Ambition Résumés

Test your résumé knowledge here. These questions address some of the most common misconceptions and areas of confusion.

The Five Elements to a Successful Résumé

The purpose of a résumé is to get an interview, so the first person you need to impress is the hiring manager. These are 
the five ideal résumé characteristics that hiring managers respond positively to.

CLEAR:  You will never know who will be reading your résumé, so it should be comprehensive to a wide audience. Use proper syntax, spell out all those industry specific acronyms, and stay consistent in format, thought and organization.

CONCISE: Hiring managers do not want to read a book about you, so let's accommodate them by getting to the point quickly.

MEANINGFUL:  Each and every word should have purpose, be relevant to the job you are applying to, and is actively selling you. Avoid filling in with meaningless or redundant words just to make your résumé look longer. Writers call this "fluff", and hiring managers can detect it.


: This is the lynchpin of all résumés, and the area where most people fall short. Hiring managers don't just want to know what you did, they want to know how well you did it. What sounds more impressive to you?

"Increased company's revenues to an all-time high." 


"Skyrocketed annual revenues by 200% in one year-equates to a total of $20M in sales that exceeded revenue projections."

TARGETED: A universal complaint among hiring managers is “résumés that lack focus”. Your objective should be clear and appropriate to the job you are applying to; your skills and achievements well defined; and your résumé content should be Search Engine Optimized so that it matches the search criteria designated by that employer 



What is a résumé?

A résumé is a polished marketing piece about you and your value as an employee. You are the product, your title is your brand, and your skills and accomplishments are your key selling attributes that make hiring managers want to invest in you. Like an advertisement, your résumé should be clear, concise, meaningful, quantifiable, and targeted.


What is the primary purpose of a résumé?

The primary purpose of a résumé is to get the interview, not the job. Rarely will a person be hired based on the résumé alone. However, you don’t always need a résumé to land a job. Some lucky individuals manage to get the interview and the job without one. In this situation, they most likely had a reference by someone within that company.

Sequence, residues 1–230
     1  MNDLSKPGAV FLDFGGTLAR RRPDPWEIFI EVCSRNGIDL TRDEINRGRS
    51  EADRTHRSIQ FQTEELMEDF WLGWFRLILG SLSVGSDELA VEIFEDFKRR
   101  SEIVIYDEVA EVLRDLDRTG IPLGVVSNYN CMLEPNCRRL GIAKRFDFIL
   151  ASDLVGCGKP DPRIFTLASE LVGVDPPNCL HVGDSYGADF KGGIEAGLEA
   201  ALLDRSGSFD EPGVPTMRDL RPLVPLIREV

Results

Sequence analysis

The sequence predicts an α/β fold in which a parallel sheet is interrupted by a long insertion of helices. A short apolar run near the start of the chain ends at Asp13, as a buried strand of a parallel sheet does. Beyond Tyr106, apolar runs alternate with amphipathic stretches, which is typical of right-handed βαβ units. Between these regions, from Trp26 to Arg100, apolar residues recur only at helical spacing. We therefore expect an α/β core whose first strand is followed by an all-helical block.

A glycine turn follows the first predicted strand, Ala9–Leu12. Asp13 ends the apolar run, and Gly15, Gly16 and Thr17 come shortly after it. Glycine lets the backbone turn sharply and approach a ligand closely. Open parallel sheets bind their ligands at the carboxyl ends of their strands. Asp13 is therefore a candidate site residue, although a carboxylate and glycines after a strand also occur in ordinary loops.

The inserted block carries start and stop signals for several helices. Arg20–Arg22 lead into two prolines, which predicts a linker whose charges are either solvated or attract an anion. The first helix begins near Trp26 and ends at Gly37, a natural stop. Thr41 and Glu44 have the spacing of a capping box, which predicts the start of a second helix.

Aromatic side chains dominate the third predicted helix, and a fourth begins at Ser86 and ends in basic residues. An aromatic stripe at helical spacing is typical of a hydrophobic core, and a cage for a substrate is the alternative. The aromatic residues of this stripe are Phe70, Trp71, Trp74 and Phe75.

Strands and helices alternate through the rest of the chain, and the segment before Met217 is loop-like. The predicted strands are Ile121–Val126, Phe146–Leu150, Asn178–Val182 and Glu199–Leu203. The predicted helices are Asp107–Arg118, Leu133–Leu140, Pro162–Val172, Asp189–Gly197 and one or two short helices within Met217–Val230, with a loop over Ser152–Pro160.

Is the paper résumé dead?

This is an opinion-based argument. There are a handful of books and blogs that state you have a better chance of standing out by creating new media résumés such as video and website résumés. This statement is neither correct nor incorrect. Times are changing, and perhaps the paper résumé will someday become extinct. But today, most employers still expect a paper résumé from you, so stay conservative. However, if you have a creative résumé with animated graphics or professional video coverage, attach an online link to your résumé or upload it to your LinkedIn page.


What is the only attribute that an employer really cares about when considering you as an employee?

Regardless of your title or industry, an employer only wants to know one thing- Can you make them money? Or alternatively, can you save them money, which in their eyes is almost the same thing. In quantifiable terms, you must be able to demonstrate this ability based on your past experience. They must feel confident that after hiring you, you will produce a timely return on investment. Making or saving a company money is not as black and white as you may think, and there are many ways to do this. 


What should never be included on a résumé?

Besides spelling errors, leave off any type of personal information such as date of birth, height, weight, ethnicity, marital status, number of children, gender, sexual orientation, and … photos. You are probably thinking the first eight are obvious, but asking yourself why not a photo? Unless you are an actor or model and this is your head shot, resist the temptation to attach your photo. Hiring managers are under extreme pressure to find the best candidates, and photos on résumés are considered a liability. Reserve your photos for your LinkedIn and Facebook pages- yes, hiring managers will look you up to see what you look like.